In 1957 Louis Sullivan’s handsomely restored Banquet Room in Chicago’s Auditorium Building (since 1947 Roosevelt University) was renamed the Rudolph Ganz Memorial Recital Hall, and Frank Lloyd Wright came to Chicago to raise funds for the restored recital hall. Mayor Richard J. Daley named Rudolph Ganz “Honorary Ambassador of Music from Chicago to the World” in 1964 and Governor Otto Kerner in 1967 officially designated February 24 “Rudolph Ganz Day in Illinois.” In 1968 Andre Malraux, French minister of cultural affairs, awarded Ganz Chevalier of the Order of Arts and Letters.
Rudolph Ganz married American soprano Mary Forrest in Berlin in 1900. They had one son, Anton Roy, who served as Swiss ambassador to the Soviet Union, among other countries. Ganz became an American citizen in 1925. After Mary died in 1956, Ganz married Esther LaBerge, concert singer and associate professor of voice at Chicago Musical College, in 1959. She had one daughter, Jeanne Colette Collester, a professor of art history.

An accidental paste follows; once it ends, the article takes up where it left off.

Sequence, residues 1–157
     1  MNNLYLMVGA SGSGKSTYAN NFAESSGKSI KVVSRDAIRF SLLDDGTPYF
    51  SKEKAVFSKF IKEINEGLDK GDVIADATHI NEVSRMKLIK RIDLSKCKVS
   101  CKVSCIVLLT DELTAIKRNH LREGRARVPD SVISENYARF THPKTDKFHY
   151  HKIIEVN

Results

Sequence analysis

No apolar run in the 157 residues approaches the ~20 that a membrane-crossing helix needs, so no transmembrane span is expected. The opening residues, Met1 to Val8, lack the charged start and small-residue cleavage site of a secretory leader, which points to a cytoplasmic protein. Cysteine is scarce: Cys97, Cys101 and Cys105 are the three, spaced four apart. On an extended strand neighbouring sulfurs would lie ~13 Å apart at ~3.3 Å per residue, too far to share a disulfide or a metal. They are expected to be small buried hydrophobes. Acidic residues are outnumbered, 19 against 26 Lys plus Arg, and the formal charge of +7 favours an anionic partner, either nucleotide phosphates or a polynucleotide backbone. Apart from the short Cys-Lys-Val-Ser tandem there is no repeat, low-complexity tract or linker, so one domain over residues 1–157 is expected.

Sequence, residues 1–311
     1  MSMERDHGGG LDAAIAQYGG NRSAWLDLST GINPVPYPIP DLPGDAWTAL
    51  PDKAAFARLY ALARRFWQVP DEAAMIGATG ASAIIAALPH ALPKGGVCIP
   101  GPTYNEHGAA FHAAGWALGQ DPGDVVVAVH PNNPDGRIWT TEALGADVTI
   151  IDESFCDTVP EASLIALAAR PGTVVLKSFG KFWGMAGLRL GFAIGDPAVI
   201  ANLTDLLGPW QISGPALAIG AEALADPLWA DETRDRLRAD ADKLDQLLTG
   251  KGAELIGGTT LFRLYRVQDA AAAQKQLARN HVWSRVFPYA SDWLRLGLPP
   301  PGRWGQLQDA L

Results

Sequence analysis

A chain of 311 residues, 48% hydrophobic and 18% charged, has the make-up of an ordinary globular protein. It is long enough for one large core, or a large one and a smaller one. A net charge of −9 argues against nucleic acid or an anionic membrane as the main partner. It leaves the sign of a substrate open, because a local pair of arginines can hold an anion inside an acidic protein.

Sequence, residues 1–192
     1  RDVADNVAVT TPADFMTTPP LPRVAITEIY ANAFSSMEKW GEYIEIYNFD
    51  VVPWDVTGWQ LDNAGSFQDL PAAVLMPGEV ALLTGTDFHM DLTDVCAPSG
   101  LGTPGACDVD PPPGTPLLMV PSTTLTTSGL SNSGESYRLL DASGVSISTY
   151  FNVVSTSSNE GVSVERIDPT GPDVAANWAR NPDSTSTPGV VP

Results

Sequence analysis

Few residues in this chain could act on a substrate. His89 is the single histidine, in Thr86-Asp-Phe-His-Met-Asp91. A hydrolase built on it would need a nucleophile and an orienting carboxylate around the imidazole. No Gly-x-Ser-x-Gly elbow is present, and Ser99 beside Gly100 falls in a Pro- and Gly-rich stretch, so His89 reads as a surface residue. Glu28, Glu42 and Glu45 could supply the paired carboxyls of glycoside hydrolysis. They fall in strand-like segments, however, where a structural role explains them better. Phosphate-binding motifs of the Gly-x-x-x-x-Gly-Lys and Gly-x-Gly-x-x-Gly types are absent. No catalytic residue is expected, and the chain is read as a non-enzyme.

Ganz died at the age of ninety-five, in Chicago. A newspaper headline read: “A Last link with Liszt passes on.”
Free and open to the public; registration required. Register for the Newberry event only using this online form by 11 am Saturday, March 23.
Doors open half an hour before the program begins, with first-come, first-served seating for registered attendees. If seats remain available, walk-ins will be admitted about ten minutes before the event’s start.
People with disabilities and other accessibility concerns can request to be seated first. To reserve an access-friendly space in the room, first register using the link above, then email email@example.com at least 48 hours before the event. Seats arranged in this way will be held until 10 minutes before the event starts.